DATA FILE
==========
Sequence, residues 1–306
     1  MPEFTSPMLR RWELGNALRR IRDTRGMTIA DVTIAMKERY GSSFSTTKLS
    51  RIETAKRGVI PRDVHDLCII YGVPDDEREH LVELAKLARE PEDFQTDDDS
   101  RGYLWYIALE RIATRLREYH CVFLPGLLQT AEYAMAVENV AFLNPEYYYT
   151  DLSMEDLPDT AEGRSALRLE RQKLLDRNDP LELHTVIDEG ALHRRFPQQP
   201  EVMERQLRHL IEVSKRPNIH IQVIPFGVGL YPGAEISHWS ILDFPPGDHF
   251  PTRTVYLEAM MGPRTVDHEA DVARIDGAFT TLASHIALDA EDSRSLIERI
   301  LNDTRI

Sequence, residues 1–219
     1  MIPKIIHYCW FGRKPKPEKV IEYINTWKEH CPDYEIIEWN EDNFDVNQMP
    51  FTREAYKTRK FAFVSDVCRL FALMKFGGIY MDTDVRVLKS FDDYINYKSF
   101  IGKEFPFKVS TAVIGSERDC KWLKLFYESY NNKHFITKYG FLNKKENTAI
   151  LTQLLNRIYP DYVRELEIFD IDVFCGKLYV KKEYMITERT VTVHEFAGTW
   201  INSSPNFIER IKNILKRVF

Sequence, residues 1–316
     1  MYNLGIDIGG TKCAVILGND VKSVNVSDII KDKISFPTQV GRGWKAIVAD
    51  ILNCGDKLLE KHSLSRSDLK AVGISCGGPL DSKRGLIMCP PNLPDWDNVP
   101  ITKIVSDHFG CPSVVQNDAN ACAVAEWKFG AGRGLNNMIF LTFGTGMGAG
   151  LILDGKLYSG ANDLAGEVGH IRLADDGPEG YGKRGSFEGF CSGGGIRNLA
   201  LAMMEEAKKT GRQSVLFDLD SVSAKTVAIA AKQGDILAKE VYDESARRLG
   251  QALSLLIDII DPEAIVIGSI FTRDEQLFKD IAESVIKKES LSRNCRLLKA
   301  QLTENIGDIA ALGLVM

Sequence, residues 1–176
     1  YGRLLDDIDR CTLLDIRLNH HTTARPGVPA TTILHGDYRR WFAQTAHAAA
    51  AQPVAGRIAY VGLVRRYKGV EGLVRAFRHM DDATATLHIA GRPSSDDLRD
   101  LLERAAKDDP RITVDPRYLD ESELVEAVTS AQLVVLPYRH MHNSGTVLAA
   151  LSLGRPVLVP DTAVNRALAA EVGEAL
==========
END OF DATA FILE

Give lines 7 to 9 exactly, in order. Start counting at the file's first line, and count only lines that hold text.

   251  PTRTVYLEAM MGPRTVDHEA DVARIDGAFT TLASHIALDA EDSRSLIERI
   301  LNDTRI

Sequence, residues 1–219